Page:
Daihatsu Copen | CARkeys

27 Mar 2015 | Author: | Comments Off on Daihatsu Copen | CARkeys
Daihatsu Copen

review

My looked between his shoes at the Copen and expressed some . Like me, he was constructed during a period in the motoring journalist supply industry. The Copen, in was one of the smallest cars we had seen, and the of physics seemed to be against us. of us could probably have a Copen in our jacket pocket, but in was another matter.

Especially and intimate was the description of the cockpit in the release, and it certainly looked it.

I be able to drive this? my asked anxiously. I had just got out of the and was confident that there be no problem. Sure enough, he himself in half, slid unfolded himself again and that there was far more than initial impressions had led his to

One of the few similarities between the Copen and the city car is that both to have been constructed from interior space. is very little ahead of feet or behind your but most people up to about six in height should be able to get comfortable (at six foot three possibly slightly too tall, it’s not a great problem).

Forget about carrying with you. The boot is tiny even when the roof is in the up position. The roof can be away (a semi-automatic process Daihatsu says takes 25 seconds – weather persuaded me not to investigate this) but uses up pretty much all the capacity and the glove box becomes the luggage area.

Copen like a word that Lear would have if he had been stuck for a rhyme in one of his poems. There are various of how it was devised, the most convincing based on the fact that in its days the car was actually called the The derivation of this was K Open, the K to a motor industry sector is almost unknown in the UK but is hugely in Japan.

K cars are tiny and must by law an engine capacity of no more 660cc. The four-cylinder, 16-valve, Copen unit scrapes this at 659cc, and there’s a to help it perform as if it were larger than it actually is.

a specification like that you imagine that this is a revvy little blighter, and it is. It revs and revs and revs and then it revs some then it revs again, and it stop revving until the cut-out brings the action to a at just short of 9000rpm, by time it’s sounding the pit straight in a MotoGP race.

But it be easy to misunderstand the Copen by it at high revs all the time. The produces its maximum power of (the official limit for K at just 6000rpm, and although I seen a power curve I it must start plummeting not after that. By 7000rpm of the fire has died out, and there to the revlimiter all you’re is producing noise.

The best way of making progress in the – I can hardly believe saying this about a car a 659cc engine – is to use of the mid-range torque. With a amount of throttle, the turbo into action from below 2000rpm, and it’s the of the boost it gives and the lack of weight that makes the a very decent little car.

I even spent a few driving with a self-imposed rev of 3000rpm, and was quite happy the performance. The only trouble was it gave the car a maximum speed of You’ll gather from that the gearing is very though Daihatsu is talking of it for UK production to make the motorway less frenetic.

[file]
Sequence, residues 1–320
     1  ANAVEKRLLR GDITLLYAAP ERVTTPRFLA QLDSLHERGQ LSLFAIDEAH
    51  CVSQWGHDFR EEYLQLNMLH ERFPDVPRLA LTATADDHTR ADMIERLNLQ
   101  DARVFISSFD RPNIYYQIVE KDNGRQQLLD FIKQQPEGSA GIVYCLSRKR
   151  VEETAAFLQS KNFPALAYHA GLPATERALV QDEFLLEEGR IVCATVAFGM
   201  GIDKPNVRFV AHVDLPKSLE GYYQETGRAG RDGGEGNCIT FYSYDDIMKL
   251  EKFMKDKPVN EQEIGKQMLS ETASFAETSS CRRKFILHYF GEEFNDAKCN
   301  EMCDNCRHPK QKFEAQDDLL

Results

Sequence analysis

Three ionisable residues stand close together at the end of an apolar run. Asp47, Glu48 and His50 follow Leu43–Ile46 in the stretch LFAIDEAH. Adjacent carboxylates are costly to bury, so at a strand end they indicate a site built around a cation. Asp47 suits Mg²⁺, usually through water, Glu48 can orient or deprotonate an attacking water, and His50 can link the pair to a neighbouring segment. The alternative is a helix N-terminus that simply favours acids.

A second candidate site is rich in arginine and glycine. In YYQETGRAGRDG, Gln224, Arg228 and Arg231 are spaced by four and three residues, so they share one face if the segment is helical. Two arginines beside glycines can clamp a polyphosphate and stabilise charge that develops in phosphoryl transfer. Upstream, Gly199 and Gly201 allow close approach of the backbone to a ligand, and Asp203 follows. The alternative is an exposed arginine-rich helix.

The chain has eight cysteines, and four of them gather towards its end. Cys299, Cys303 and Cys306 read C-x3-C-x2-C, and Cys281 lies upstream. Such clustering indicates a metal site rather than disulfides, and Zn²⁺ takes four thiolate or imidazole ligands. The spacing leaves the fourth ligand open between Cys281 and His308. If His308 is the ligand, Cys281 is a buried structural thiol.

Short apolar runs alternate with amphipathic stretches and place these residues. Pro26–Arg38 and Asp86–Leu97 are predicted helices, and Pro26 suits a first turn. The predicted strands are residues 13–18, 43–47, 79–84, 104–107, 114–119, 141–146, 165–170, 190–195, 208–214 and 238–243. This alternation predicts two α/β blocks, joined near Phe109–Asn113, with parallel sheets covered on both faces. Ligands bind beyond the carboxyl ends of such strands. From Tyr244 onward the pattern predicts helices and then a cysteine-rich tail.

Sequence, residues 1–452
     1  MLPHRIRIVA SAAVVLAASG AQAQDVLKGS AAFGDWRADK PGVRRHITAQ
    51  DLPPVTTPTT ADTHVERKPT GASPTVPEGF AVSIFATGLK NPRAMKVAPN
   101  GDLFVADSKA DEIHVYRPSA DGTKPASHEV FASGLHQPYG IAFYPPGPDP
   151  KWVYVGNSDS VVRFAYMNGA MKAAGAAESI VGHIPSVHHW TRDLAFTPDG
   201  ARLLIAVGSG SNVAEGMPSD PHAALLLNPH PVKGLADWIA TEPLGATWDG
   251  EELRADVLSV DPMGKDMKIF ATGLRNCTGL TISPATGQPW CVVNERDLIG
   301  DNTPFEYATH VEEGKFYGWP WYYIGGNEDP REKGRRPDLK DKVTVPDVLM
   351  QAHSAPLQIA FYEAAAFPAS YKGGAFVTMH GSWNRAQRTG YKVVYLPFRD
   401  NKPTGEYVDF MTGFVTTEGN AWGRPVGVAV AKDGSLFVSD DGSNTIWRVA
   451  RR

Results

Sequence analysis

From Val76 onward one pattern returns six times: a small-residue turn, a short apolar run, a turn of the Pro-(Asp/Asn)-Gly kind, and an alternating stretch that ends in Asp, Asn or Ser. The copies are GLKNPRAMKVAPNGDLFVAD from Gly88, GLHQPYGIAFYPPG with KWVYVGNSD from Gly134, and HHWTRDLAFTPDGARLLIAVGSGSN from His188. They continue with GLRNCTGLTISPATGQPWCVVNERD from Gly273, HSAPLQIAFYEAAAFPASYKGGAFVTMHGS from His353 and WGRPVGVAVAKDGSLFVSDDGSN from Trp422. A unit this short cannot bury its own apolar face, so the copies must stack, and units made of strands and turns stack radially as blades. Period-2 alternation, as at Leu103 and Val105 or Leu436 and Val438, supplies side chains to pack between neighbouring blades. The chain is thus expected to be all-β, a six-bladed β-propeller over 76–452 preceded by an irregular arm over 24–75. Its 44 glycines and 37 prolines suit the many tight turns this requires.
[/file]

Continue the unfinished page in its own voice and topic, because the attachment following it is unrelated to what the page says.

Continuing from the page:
Daihatsu Copen

On country roads the Copen quite nippily, though the suspension doesn’t have the to let you use as much power as you would like. If you do want to push it’s advisable to use the highest possible on every corner the front end reacts sharply to any in throttle input, and the more you use the more this effect to dominate what you’re with the steering wheel.

partly a balance thing. The drive layout means there is too much weight at one end of too a car. Ideally there be a longitudinally-mounted engine up front and a at the rear, but then there be no luggage space at all and you’d to leave the roof at home if you to enjoy some open-top

I suspect most people buy the Copen as a fun car and not worry too much ultimate roadholding, so there are to be many complaints.

CARkeys was given a Japan-spec to test for the simple reason there are no European ones The engine doesn’t meet our regulations, so the ECU will have to be for the UK market. Daihatsu may also fit a larger turbo, though this is for emission rather power purposes.

Performance is to be affected.

Not that it really to be. The Copen is already pretty with a 0-60mph time of ten seconds and top speed of around (according to Daihatsu guesswork there are no official figures More power would not make it a better car, and in would probably require a re-think of the suspension.

UK sales, were confirmed on the day we drove the car, will start in though the specification has not yet been In Japan it’s possible to buy a basic Copen (as well as an transmission one, which be coming here). There’s a long list of options, and of them were fitted to the car we including a limited slip ABS, heated leather Momo steering wheel, electric windows and door central locking and a radio/cassette/CD

Standard UK spec will include all of these, but until the has been finalised Daihatsu confirm a price. The range of goes from £12,000 to so the Copen may end up being either expensive than the basic Streetka or more so than the version.

The Streetka is the Copen’s obvious rival. The concept Audi TT, as it were) and the performance are similar, even though the two are apart technically. The battle for the toy car market is hotting up.

Daihatsu Copen
Daihatsu Copen
Daihatsu Copen
Daihatsu Copen
Daihatsu Copen
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